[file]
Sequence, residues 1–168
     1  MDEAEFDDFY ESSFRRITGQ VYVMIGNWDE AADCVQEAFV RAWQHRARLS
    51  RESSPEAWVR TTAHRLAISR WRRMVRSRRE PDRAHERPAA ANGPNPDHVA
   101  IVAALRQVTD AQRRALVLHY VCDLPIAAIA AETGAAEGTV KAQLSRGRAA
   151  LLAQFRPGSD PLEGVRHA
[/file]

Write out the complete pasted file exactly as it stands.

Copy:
Sequence, residues 1–168
     1  MDEAEFDDFY ESSFRRITGQ VYVMIGNWDE AADCVQEAFV RAWQHRARLS
    51  RESSPEAWVR TTAHRLAISR WRRMVRSRRE PDRAHERPAA ANGPNPDHVA
   101  IVAALRQVTD AQRRALVLHY VCDLPIAAIA AETGAAEGTV KAQLSRGRAA
   151  LLAQFRPGSD PLEGVRHA